Anniversary Gifts

A sincere gesture of love from one of my foster sons.

Sonia Billadeau February 18, 2014
article image

Some of my husband’s and my wedding anniversaries saw long-stemmed red roses and fancy dinners in expensive places; others included my feeble attempts to prepare gourmet food and steal a couple of romantic moments in a houseful of foster kids.

This anniversary was of the second variety. I was making dinner which the whole family would share since no one ever willingly invited my whole gang over for dinner. My husband and I were lovingly teasing each other, unafraid to show genuine love in front of the kids, when Eric walked in. He was only sixteen, but was over six feet tall with gangling arms and legs, which still had not made up their mind about which direction to go. He wore a goofy smile on his face, his hair in his eyes. In other words, he looked like he always did, but his smile was even more mischievous than usual, if that were possible.

Eric walked over to us and presented us each with a gift, saying, “Happy Anniversary.” This teen, one of our favorites, was rather special, but the presentation of gifts posed a problem for us. This child had been detained in several places; he was once again at our house while awaiting placement in another correctional facility. He had broken the law continuously and got caught only a fraction of the time. His offense– stealing. This kid was a notorious thief.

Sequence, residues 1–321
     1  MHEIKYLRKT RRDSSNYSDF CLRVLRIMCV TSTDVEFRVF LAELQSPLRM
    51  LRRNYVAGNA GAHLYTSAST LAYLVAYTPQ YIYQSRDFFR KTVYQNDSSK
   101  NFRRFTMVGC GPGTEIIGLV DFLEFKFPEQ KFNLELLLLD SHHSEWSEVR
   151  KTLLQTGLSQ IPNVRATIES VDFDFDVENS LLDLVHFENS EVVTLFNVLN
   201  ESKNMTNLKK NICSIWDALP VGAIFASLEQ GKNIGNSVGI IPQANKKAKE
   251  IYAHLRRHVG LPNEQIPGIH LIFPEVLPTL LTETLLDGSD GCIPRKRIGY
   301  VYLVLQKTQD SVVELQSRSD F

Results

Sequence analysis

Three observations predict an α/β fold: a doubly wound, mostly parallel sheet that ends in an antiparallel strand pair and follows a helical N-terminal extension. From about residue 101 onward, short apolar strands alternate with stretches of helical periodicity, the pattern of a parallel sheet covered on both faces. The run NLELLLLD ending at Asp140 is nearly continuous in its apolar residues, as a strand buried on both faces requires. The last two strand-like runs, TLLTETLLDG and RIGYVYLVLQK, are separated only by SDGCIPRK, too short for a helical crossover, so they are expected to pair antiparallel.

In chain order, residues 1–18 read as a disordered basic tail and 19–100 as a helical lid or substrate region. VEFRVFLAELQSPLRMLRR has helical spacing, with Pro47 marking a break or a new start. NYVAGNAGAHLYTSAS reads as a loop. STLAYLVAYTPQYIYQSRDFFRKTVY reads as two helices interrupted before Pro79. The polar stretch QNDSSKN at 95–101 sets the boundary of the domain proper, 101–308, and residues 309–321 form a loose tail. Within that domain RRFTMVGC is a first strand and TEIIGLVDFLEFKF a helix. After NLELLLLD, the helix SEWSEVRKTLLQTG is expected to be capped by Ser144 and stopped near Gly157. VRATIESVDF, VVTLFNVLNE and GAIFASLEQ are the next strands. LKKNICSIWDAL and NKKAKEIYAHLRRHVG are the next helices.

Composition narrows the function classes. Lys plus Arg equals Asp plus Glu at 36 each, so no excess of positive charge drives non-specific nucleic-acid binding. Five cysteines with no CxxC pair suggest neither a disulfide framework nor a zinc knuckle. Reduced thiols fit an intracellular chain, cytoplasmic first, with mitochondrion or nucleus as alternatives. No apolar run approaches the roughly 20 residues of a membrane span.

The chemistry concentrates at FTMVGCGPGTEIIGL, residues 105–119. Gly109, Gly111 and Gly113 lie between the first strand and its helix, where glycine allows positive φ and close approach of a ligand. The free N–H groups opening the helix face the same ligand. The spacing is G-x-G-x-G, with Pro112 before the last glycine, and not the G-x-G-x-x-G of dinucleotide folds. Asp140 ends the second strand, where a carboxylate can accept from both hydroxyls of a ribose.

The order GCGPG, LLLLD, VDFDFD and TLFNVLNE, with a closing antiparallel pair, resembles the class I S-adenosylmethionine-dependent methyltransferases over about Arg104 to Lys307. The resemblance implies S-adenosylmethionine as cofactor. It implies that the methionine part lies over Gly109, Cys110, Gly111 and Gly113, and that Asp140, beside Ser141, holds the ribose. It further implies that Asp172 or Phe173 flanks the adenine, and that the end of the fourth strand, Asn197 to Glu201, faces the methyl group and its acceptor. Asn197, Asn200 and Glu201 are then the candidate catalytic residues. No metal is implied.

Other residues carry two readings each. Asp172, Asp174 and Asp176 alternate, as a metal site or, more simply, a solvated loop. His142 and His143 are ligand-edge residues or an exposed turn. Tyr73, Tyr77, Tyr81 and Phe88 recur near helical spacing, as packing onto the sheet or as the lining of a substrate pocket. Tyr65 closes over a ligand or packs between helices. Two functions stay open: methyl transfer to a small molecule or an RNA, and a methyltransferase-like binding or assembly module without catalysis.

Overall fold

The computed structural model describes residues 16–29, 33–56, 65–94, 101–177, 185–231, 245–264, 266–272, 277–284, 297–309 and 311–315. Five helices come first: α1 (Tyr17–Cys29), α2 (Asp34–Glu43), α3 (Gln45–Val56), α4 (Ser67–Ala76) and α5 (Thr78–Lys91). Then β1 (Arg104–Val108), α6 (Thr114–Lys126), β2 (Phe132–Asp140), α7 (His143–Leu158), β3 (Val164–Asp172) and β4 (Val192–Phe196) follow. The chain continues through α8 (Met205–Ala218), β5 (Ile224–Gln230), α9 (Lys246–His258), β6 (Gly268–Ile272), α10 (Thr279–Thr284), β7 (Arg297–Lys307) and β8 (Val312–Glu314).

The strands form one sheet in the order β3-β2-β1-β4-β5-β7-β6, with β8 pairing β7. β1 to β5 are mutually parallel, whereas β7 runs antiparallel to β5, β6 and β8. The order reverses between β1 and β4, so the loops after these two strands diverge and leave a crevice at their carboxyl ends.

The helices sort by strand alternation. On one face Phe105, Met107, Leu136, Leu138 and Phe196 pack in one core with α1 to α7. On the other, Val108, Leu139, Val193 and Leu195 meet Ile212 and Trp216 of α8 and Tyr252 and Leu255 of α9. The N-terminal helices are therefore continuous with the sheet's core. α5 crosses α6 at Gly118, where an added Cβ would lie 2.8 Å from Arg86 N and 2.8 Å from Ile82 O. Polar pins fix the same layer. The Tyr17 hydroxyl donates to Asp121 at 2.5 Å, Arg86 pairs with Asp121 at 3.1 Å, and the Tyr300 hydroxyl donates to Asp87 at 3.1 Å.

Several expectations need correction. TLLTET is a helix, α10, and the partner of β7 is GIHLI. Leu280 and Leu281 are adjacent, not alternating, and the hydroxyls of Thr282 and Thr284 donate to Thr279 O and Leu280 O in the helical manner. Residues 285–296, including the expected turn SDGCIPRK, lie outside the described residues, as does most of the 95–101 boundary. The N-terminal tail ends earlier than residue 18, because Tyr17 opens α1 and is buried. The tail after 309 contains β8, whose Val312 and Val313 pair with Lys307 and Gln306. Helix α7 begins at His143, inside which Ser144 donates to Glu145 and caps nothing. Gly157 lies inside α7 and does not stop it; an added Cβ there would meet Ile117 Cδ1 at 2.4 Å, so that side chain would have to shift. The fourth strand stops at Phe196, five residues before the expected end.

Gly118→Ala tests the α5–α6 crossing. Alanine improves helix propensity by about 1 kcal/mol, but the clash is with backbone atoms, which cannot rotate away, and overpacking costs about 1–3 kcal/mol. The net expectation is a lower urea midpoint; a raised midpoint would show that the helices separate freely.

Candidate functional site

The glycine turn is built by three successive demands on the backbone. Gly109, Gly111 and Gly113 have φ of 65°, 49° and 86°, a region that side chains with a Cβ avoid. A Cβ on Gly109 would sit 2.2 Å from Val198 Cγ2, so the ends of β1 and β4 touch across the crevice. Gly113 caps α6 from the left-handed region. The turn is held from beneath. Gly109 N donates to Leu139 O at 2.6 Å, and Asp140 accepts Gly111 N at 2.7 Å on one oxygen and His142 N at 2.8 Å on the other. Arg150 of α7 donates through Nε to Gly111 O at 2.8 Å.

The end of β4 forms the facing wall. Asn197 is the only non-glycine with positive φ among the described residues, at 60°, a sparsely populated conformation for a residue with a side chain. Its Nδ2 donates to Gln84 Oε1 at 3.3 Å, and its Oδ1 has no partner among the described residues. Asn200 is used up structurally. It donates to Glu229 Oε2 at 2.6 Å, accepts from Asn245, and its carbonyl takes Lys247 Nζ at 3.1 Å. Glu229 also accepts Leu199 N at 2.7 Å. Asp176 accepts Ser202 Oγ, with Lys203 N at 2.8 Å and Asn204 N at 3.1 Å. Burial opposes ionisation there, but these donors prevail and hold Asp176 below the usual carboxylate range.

His past had included stolen cars, various types of electronic equipment, and countless smaller items. He was the proud owner, we once discovered, of a complete set of tools that enabled him to break into pop machines in a more “professional” manner. We really liked this kid. He wasn’t malicious; he just stole.

As foster parents you learn to judge the behavior, not the kid. He often lied and almost always denied his crime, even when you were standing in front of him with proof of his guilt. In some ways, he was the worst kind of criminal since he appeared to feel no remorse. But in spite of all this, he seemed to care for us.